(WKBN) – Hurricane season is just starting to ramp up in the Atlantic. The peak of hurricane season will arrive in mid September and it is expected to be an active one.

When a hurricane forms, the first details that are reported in a weather broadcast are the name, maximum sustained wind speed and the minimum pressure in the storm. You might be wondering: How are these variables measured even when the storm is hundreds of miles from shore?

It is time to talk about one of the coolest jobs in weather: “The Hurricane Hunter”.

Who are the hurricane hunters?

The National Oceanic and Atmospheric Administration (NOAA) features a division called the Office of Marine and Aviation Operations (OMAO). This division includes multiple aircraft and aquatic vessels that play an active role in researching different processes in the atmosphere and ocean. The hurricane hunters are part of this division.

This special department houses three aircraft that assist in reconnaissance of tropical cyclones throughout the globe. The first two aircraft are Lockheed WP-3D Orion four-engine turboprop aircraft. These are the actual aircraft that fly into the eye of the storm and the scientists aboard these planes will sometimes have to go on 8-10 hour flights into some of the strongest storms on Earth.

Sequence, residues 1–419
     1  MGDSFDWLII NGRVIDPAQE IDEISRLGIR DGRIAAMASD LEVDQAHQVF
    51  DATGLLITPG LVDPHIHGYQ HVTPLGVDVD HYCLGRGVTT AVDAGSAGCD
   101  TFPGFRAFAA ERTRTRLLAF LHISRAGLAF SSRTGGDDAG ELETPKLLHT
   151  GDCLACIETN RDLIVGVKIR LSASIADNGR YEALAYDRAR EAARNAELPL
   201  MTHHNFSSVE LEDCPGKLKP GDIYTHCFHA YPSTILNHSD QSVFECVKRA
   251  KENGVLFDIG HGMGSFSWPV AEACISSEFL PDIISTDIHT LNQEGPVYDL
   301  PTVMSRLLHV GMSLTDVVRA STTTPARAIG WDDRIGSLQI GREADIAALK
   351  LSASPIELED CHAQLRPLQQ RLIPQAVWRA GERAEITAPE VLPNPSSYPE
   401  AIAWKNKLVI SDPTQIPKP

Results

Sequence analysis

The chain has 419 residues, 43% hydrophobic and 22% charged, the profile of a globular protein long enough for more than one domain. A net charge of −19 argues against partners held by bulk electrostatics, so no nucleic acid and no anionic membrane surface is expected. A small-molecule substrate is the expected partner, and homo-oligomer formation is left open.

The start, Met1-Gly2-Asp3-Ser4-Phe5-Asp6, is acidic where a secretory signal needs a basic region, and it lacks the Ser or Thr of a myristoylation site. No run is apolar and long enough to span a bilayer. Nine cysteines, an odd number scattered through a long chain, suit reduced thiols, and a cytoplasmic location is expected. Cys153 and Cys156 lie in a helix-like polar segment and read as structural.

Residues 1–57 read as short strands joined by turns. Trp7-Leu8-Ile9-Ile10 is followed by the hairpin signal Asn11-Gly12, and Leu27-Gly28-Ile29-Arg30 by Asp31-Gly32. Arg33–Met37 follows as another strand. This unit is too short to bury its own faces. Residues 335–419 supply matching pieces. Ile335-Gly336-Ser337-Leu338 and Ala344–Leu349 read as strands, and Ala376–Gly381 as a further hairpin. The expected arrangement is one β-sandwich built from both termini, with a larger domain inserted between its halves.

The NOAA Lockheed WP-3D Orion aircraft flying through the air.The NOAA Lockheed WP-3D Orion aircraft flying through the air (Photo: Lt. Kevin Doremus / NOAA).

The hurricane hunters also deploy a Gulfstream IV-SP, which flies high above the storm taking key measurements in the upper atmosphere to assist with forecasting that path of the hurricane.

The NOAA Gulfstream-IV taking off for a mission (Photo: Lt. Kevin Doremus / NOAA).

How do the hurricane hunters measure the strength of a hurricane?

Flying planes into the storm is only part of the equation when assessing the strength of a tropical system. These planes are outfitted with state-of-the-art atmospheric sensors that provide meteorologists with useful information on the intensity and path of the hurricane.

First, and most importantly, the NOAA P-3 aircraft are outfitted with two weather radars: one that is in the tail of the aircraft and the other that is under the lower fuselage. These radars scan both vertically and horizontally and provide the pilots and scientists with detailed information about the intensity of rainfall in the storm. The radar data help the pilots steer away from intense areas of rain and wind shear to ensure a successful mission.

Meteorologists aboard the hurricane hunter flights deploy GPS dropsondes through a tube in the aircraft which measures temperature, pressure and wind speed as the plane flies through the hurricane. This information is used to identify the strength of a hurricane and is usually the information that is reported to viewers in the path of the dangerous storm. The data from these dropsondes are available in real-time and are a valuable asset to meteorologists who are tracking the storm.

Description of a dropsonde from the National Center for Atmospheric Research (NCAR).

How do the aircraft survive strong wind gusts?

Contrary to popular belief, it is not strong winds that tear apart aircraft. Wind shear, or the change in wind direction with height, is what typically causes structural damage to aircraft. Passenger planes routinely fly in 100+ MPH winds throughout the year in the United States.

Hurricanes form in environments with minimal wind shear, and the strong winds in a hurricane are often uniform which allows the hurricane hunters to take measurements safely.